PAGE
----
The trouble with the Post’s decision-making on dead icons lies in how it appears to be resolving the duplication. If the paper ends up snuffing out Appreciations in favor of news obituaries—-or even attempting a merger of the forms—-it will suffer a measurable loss of distinctiveness.

Though Post obits are uniformly well written and well reported, they are conventional newspaper fare, an element that you can find in any daily across the country. They start with a quick bio summary and cause of death, proceed into an (often compelling) recap of the person’s exploits, and end with details on birthplace, survivors, and other such details. Again, they are really well done.

Yet they can’t compete with an Appreciation. In my 20-years-plus as a Post subscriber, I have opened the front page of my Washington Post countless times to find a note at the bottom saying: So-and-so died: Obituary, B7; Appreciation, C1. Each time, I’ve gone to the Appreciation first.

That’s because I know that the writer who’s doing the Appreciation will say all the things that the obit writer cannot. Or, perhaps, abandon convention in favor of something that’ll put a smile on my face. Witness the January 2005 Appreciation that Stuever wrote on Nixon White House secretary Rose Mary Woods. It was a mere 169 words and contained some essential facts about Woods’ life. But it resonates more for what wasn’t there than for what was there. Its success was confirmed by the Post’s ombudsman, who wrote the following in a subsequent column:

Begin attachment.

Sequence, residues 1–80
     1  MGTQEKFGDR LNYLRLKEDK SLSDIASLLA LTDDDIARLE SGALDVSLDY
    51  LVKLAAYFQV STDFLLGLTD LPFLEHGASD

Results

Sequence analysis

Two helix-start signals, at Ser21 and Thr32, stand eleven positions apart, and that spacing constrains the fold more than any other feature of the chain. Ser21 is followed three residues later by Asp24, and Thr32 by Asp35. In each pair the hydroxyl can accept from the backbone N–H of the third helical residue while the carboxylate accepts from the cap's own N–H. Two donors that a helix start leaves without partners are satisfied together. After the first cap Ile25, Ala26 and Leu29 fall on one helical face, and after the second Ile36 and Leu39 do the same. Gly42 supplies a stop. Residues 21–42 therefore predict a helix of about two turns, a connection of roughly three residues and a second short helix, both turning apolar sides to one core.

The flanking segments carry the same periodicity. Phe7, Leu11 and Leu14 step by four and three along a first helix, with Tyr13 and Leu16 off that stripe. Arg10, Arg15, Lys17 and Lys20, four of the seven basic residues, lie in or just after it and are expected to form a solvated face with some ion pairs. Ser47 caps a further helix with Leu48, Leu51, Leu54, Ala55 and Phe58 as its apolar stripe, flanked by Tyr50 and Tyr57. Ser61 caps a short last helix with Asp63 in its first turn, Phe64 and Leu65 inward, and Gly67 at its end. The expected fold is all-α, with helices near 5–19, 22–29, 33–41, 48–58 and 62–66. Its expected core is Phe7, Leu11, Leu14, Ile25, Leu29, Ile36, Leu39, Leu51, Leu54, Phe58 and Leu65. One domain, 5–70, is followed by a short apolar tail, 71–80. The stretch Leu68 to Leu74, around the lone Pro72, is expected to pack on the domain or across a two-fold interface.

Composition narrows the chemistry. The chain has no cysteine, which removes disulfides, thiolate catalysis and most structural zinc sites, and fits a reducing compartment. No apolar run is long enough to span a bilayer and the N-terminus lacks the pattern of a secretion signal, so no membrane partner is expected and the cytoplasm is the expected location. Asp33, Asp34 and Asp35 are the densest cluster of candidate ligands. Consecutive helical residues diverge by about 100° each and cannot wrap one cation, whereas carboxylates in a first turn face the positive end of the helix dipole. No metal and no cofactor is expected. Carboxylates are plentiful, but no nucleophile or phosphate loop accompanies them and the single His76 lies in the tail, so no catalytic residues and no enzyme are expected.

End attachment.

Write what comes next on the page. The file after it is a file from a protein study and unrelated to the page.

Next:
[T]he Style section last Tuesday featured an “Appreciation” of Rose Mary Woods, who died last week at the age of 87. She was the former secretary to President Richard Nixon who had claimed in 1973 to have inadvertently caused an 181/2-minute gap in a tape recording that would have been crucial to the Watergate investigation.* The Style story, by Hank Stuever, had a big chunk of white space in the middle. It was a spoof, but some readers didn’t get it and wanted either a new paper or the story restored online. (* Actually, Woods claimed to have erased only a four- or five-minute portion of the recording.)

Now: Would Rose Mary Woods meet the gravitas standard that the Post appears ready to apply to future Appreciation candidates? Who knows. A better question is whether Arnold Neustadter would make the cut. He invented the Rolodex (along with the failed Swivodex and the failed Clipodex) and thus earned a spot on the front page of Style in April 1996. “Once the Rolodex stood for technology, modernity and Madison Avenue postwar gray-flannel-suit snappiness. It was one of the engineering touches loved by the managing classes, in the know and on the go, like Rolex watches.”

Everyone knows big changes are afoot in Style and its thematic cousins at the Post. A new co-managing editor, Raju Narisetti, was recently hired to oversee these fiefdoms—-Style, Weekend, Washington Post Magazine, etc. (Narisetti did not respond to interview requests for this item.) There’s no telling what Style will look like after Narisetti is finished with it.

But why start out with Appreciations? Is that where new management wants to make a statement?

If so, here’s what’s at stake: Will the paper be smaller yet still distinctive, or smaller and just like every other paper?